1. Limited time only! Sign up for a free 30min personal tutor trial with Chegg Tutors
    Dismiss Notice
Dismiss Notice
Join Physics Forums Today!
The friendliest, high quality science and math community on the planet! Everyone who loves science is here!

Homework Help: Proof of function zeroes.

  1. May 7, 2007 #1
    1. The problem statement, all variables and given/known data
    a in Reals, a>1.

    f(z) = a + z - exp(z)

    a) Show that f has exactly one zero in the left half-plane {z in C : Re(z) < 0}

    b) Show that this zero is on the real line

    3. The attempt at a solution

    Well, I havnt had much progress on the problem as of yet. I'm trying to use Rouches theorem letting:

    h(z) = -exp(z)
    g(z) = z + a

    and then showing that restricting z to the left half-plane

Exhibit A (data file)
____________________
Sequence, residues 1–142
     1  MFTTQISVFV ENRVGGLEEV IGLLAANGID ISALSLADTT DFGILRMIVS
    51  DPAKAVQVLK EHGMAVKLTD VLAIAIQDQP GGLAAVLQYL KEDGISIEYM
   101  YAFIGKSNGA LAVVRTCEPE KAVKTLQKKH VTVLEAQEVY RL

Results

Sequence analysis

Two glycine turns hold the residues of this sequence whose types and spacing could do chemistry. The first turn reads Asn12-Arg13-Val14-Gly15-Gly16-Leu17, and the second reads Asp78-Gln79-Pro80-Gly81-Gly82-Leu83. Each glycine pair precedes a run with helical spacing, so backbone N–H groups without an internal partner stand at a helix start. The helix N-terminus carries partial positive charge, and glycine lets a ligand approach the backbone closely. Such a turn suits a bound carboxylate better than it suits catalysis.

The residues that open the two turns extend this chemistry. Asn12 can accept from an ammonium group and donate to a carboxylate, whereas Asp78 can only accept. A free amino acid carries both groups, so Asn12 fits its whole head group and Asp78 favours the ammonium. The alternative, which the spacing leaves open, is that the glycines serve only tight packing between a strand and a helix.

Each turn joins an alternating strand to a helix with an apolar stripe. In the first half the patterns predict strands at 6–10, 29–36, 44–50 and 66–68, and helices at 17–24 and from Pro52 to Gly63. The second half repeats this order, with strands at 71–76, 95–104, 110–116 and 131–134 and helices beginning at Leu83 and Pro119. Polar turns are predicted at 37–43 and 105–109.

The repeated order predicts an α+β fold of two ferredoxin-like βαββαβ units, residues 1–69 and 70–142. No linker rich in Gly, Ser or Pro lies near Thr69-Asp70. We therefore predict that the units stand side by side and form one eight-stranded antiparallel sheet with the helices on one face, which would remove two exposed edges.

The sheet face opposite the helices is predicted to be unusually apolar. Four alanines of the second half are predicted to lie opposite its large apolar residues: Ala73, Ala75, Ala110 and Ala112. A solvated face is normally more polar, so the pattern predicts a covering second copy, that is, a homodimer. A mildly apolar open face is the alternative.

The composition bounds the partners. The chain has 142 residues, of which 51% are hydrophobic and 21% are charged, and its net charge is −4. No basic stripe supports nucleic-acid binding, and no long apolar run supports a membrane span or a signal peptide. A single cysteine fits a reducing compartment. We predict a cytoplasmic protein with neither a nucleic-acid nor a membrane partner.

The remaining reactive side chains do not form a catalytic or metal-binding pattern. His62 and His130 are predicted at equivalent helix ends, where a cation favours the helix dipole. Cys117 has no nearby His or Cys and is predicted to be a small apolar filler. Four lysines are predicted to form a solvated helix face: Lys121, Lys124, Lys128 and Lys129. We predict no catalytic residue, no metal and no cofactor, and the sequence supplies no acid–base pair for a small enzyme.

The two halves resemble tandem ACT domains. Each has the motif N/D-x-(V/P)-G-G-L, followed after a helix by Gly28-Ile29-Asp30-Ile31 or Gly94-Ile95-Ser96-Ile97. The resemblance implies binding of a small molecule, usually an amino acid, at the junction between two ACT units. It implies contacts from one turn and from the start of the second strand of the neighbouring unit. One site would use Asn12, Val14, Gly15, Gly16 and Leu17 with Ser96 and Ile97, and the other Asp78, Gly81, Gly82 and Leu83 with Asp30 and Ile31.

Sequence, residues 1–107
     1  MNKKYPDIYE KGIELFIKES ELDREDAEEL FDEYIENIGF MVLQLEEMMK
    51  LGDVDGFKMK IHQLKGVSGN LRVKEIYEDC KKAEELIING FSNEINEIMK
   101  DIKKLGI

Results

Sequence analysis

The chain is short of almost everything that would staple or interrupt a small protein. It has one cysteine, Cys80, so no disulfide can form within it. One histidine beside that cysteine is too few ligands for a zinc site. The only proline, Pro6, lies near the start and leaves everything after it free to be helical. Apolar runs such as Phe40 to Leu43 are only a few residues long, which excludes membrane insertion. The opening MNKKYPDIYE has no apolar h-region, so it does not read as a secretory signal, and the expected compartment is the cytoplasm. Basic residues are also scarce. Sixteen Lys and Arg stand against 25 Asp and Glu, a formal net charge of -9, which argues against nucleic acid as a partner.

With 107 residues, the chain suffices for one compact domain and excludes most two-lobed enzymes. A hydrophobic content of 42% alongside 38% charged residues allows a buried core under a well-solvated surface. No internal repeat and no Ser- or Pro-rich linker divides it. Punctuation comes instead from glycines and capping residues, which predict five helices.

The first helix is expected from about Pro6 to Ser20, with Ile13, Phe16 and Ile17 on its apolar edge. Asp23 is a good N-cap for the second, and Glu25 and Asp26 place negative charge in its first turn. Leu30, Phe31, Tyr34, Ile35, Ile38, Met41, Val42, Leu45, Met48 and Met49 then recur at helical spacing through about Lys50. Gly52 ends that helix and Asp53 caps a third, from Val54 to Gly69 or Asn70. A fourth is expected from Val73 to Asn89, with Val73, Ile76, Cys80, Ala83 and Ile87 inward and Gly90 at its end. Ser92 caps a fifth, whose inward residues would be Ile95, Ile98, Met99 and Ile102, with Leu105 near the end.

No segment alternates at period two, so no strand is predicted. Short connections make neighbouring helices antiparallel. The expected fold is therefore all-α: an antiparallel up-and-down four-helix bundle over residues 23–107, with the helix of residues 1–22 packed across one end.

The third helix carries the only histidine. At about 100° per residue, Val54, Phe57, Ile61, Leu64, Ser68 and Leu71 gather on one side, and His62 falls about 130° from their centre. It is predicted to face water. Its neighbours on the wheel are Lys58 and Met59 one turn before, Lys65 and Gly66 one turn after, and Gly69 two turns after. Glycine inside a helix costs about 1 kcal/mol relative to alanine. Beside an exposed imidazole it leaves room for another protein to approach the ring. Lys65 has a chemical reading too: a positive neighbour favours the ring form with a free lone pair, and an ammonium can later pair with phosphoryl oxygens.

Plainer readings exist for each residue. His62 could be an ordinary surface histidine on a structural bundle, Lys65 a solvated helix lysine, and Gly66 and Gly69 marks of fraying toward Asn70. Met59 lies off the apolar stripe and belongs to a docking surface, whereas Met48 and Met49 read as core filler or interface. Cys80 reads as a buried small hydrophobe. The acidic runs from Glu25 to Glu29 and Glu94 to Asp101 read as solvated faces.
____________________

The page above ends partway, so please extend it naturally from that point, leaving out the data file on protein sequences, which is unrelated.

|h(z)|<|g(z)| implying that z+a has as many zeroes as f(z) and therefore showing that f(z) has one zerio in the left half plane (since z+a has one since a>1).


    I'm unsure how to get the inequality to show |h(z)|<|g(z)| any insight into this would be appreciated.
  2. jcsd
  3. May 7, 2007 #2
    (I cant edit my main post?!)

    For part b) I did it the same way I wanted to approach part A) and found that the zero must reside in the real interval [-a+1,0).

    For part A) I have the following inequality which troubles me.
    z= x+iy


    My problem here is how can I bound 1 by a function (z+a) that equates to 0 at -a. It makes me think I need to find another way to approach the problem that I'm not seeing.

    EDIT: Nvm just re-read Rouche's theorem. I was using it wrong.
    Last edited: May 7, 2007
Share this great discussion with others via Reddit, Google+, Twitter, or Facebook